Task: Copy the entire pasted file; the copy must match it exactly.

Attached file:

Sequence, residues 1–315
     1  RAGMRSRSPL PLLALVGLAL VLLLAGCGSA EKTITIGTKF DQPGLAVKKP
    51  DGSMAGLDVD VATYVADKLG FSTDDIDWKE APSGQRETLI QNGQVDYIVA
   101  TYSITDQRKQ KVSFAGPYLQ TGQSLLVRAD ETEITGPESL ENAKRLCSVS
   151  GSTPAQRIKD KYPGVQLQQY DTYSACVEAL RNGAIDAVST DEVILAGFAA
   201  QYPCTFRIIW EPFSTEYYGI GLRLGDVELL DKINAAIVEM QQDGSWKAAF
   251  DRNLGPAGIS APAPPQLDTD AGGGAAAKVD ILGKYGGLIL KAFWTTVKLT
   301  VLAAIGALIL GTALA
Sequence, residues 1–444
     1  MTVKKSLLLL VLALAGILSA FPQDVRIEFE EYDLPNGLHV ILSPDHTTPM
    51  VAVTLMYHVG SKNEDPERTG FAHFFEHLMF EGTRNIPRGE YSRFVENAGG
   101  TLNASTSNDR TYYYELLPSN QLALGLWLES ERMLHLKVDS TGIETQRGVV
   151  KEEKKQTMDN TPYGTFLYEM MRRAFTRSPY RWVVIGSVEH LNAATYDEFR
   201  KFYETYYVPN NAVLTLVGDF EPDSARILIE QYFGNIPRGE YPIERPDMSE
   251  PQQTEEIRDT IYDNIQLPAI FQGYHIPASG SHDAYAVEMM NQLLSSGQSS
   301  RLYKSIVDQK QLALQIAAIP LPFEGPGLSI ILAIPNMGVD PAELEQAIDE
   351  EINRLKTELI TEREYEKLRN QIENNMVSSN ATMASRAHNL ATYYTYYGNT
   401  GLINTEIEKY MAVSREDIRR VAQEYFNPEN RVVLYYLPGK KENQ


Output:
Sequence, residues 1–315
     1  RAGMRSRSPL PLLALVGLAL VLLLAGCGSA EKTITIGTKF DQPGLAVKKP
    51  DGSMAGLDVD VATYVADKLG FSTDDIDWKE APSGQRETLI QNGQVDYIVA
   101  TYSITDQRKQ KVSFAGPYLQ TGQSLLVRAD ETEITGPESL ENAKRLCSVS
   151  GSTPAQRIKD KYPGVQLQQY DTYSACVEAL RNGAIDAVST DEVILAGFAA
   201  QYPCTFRIIW EPFSTEYYGI GLRLGDVELL DKINAAIVEM QQDGSWKAAF
   251  DRNLGPAGIS APAPPQLDTD AGGGAAAKVD ILGKYGGLIL KAFWTTVKLT
   301  VLAAIGALIL GTALA
Sequence, residues 1–444
     1  MTVKKSLLLL VLALAGILSA FPQDVRIEFE EYDLPNGLHV ILSPDHTTPM
    51  VAVTLMYHVG SKNEDPERTG FAHFFEHLMF EGTRNIPRGE YSRFVENAGG
   101  TLNASTSNDR TYYYELLPSN QLALGLWLES ERMLHLKVDS TGIETQRGVV
   151  KEEKKQTMDN TPYGTFLYEM MRRAFTRSPY RWVVIGSVEH LNAATYDEFR
   201  KFYETYYVPN NAVLTLVGDF EPDSARILIE QYFGNIPRGE YPIERPDMSE
   251  PQQTEEIRDT IYDNIQLPAI FQGYHIPASG SHDAYAVEMM NQLLSSGQSS
   301  RLYKSIVDQK QLALQIAAIP LPFEGPGLSI ILAIPNMGVD PAELEQAIDE
   351  EINRLKTELI TEREYEKLRN QIENNMVSSN ATMASRAHNL ATYYTYYGNT
   401  GLINTEIEKY MAVSREDIRR VAQEYFNPEN RVVLYYLPGK KENQ